Twenty years ago the tea business in the United States was under $2 billion (wholesale) annually. Today it is over $10 billion and growing! (Source: Tea Council USA)
In 1773 colonists threw tea into the harbor in protest of England’s taxes. This single event changed the course of tea in our country for over two centuries. In fact, at the time, if you continued to drink tea you were considered a loyalist to the king. Wrapped up in politics, tea became very unfashionable. Consequently, for every generation afterwards tea just wasn’t a big part of our daily lives.
So 200+ years later we ask ourselves “Why aren’t we drinking tea like the rest of the world?” Come to think of it, we’re not even mad any more. Our point was made - everyone got it, it’s over, now let’s get back to some tea drinking.
Okay, this too is part of our national collective psyche we inherited - “Only fancy people drink hot tea.” There was a time in England in the mid 1700s, when tea was taxed 119%. As you can imagine, this enabled only the super wealthy (or those wanting to appear super wealthy) to have access to tea. Aristocrats were so proud to show the world they were “sophisticated tea drinkers” that they often had their ornate teapots and tea wares included in family portraits. So, the stereotype spanned the ocean and Americans to this day still chuckle at the notion of a pinky-out, nose up, self-proclaimed dandy, drinking tea with a snide condescending look for the balance of mankind.
Well it turns out, tea has a rich history in some of the least opulent cultures in the world. Monks and peasants, field workers and laborers for millennia have been committed tea drinkers. Today tea is considered one of the most affordable luxuries on the planet. It crosses all social and economical lines and is the second most consumed beverage in the world (after water of course).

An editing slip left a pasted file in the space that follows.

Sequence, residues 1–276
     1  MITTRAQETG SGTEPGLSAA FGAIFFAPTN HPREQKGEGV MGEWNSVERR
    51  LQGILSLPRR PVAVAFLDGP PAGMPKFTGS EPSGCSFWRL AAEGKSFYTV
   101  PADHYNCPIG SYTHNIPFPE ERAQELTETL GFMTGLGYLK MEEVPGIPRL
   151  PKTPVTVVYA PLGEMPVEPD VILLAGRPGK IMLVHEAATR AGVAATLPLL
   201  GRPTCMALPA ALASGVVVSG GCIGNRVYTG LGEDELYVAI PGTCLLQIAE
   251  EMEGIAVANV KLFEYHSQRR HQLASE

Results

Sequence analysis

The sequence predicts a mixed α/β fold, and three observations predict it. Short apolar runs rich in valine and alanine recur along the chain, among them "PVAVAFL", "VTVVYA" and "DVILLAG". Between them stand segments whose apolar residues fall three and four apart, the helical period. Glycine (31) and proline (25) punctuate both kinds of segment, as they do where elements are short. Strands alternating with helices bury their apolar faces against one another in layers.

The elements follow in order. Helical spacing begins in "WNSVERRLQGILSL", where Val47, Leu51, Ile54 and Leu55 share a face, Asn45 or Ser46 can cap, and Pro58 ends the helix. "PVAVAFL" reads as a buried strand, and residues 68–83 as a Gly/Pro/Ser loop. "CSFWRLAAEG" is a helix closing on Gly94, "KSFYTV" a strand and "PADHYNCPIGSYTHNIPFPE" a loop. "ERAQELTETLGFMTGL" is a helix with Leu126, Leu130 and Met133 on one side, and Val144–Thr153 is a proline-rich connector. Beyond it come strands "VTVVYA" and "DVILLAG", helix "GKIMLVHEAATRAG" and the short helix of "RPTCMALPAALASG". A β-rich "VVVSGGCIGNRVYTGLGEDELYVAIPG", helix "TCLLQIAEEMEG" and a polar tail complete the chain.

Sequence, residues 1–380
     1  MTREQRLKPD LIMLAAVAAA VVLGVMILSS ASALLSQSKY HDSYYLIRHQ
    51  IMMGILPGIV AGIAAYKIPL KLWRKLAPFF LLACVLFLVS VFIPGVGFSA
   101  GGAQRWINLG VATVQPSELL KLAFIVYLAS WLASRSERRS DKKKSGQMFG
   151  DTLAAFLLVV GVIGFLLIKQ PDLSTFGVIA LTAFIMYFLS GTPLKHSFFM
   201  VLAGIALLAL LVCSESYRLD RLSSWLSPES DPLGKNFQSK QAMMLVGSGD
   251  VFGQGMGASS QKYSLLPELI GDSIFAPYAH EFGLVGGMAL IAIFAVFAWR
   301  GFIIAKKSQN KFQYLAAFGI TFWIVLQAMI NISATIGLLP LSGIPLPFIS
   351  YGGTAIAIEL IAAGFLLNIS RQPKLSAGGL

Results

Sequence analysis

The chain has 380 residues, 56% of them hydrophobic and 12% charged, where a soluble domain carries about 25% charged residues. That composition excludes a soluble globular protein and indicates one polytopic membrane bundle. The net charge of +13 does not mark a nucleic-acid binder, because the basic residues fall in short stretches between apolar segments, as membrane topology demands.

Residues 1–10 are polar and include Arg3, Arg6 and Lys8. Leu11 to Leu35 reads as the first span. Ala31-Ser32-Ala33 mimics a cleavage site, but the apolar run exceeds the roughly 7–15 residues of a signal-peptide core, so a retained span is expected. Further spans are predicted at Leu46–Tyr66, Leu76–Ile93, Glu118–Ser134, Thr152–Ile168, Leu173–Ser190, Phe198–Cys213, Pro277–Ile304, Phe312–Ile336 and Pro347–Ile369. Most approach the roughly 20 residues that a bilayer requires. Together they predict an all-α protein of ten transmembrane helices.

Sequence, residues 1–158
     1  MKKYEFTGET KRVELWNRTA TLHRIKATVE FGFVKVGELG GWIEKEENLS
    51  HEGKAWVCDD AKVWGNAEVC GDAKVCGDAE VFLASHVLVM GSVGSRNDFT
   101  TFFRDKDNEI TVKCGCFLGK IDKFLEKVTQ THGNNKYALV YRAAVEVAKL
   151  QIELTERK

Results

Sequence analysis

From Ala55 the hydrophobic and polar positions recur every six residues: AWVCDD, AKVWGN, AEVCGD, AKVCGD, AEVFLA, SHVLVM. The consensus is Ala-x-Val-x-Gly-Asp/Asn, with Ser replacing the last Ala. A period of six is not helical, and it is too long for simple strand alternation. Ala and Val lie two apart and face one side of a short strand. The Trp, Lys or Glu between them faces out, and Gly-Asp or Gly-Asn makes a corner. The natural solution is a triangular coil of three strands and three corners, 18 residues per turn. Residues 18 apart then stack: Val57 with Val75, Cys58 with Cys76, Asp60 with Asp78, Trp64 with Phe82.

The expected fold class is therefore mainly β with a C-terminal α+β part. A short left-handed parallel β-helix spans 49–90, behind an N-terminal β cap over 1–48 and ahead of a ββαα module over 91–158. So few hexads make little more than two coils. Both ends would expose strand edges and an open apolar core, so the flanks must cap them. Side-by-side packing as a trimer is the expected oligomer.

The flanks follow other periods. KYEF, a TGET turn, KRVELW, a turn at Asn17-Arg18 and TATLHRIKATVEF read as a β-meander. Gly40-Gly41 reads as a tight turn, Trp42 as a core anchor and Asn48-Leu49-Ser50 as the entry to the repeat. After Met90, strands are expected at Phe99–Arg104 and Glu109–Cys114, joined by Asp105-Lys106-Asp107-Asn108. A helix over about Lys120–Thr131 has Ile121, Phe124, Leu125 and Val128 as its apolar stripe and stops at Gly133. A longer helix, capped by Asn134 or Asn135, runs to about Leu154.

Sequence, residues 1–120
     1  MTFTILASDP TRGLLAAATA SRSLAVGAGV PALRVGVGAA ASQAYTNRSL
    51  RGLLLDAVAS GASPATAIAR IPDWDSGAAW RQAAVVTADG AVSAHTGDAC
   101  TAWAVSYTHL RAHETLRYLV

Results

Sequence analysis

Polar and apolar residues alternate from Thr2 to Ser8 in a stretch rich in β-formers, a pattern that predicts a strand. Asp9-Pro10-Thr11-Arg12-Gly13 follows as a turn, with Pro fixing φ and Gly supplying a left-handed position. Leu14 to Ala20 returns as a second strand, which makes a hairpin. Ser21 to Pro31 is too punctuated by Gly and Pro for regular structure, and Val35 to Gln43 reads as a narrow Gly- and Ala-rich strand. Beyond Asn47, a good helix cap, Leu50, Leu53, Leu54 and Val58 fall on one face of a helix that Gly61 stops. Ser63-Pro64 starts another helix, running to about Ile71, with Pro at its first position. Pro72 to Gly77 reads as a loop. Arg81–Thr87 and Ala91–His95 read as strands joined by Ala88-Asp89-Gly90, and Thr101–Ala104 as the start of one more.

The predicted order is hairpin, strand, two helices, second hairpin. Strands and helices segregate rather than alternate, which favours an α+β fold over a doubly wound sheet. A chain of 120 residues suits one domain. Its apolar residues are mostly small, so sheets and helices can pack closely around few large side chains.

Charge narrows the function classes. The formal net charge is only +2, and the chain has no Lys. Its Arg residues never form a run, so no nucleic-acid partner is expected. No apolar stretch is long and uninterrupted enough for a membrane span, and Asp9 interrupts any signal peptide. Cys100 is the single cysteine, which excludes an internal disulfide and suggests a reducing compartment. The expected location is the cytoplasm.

We’ve overloaded on sugary beverages for so long, our own US government has flirted with the idea of an obesity tax on soda. We’ve grown weary of not feeling well and being overweight. We are thirsty (literally) for something truly healthy and refreshing.
Enter tea! Who knew? Tea is a natural superfood! Studies have shown it may help protect the immune system, help prevent cancer, reduce cholesterol, blood pressure and blood sugar, and even protect against stroke and heart disease. Tea is loaded with antioxidants that fight against free radicals and cell degradation. Oh and bonus - it’s naturally calorie-free. (Source: “Tea Sommelier Handbook” written by Victoria Bisagno & Jane Pettigrew, copyright 2014).
I see it every day in my own tea shops - people come in, order tea and get antsy waiting for it to steep - 2 to 5 minutes. It’s not like coffee or espresso. There’s no grinding, tamping, or even dripping. With tea you just wait - as the leaves dance silently and gently release their bounty. You can’t rush tea. So I remind my customers (and often myself) that this is how it’s supposed to be. Tea forces us to stop for just a few moments, and invites us to be fully present. We desperately need this.
Even the chemical makeup of tea is kinder and gentler than other beverages. Tea gives a calm energy because the caffeine is released into the cells at a slower rate and over a longer span of time. You avoid the sharp rise in jitteriness and inevitable crash of coffee and energy drinks. Americans are discovering what the ancients knew, tea is good for the body and soul.
Mango Pomegranate, Ginger Honey Peach, Chocolate Strawberry Kiss - these are teas! Who ever knew tea could have so many varieties and culinary-inspired pairings of flavors? From the rarest imperial teas in the world to tens of thousands of blends and flavors, the world of tea is complex, exciting and rapidly growing! You could literally drink a different tea everyday for 10 years and never have the same one twice.
From casual tea drinkers to full-on tea connoisseurs, Americans are learning we love tea! We are starting to write the American tea story with traditions and customs of our own, while embracing aspects of rich cultures from distant lands.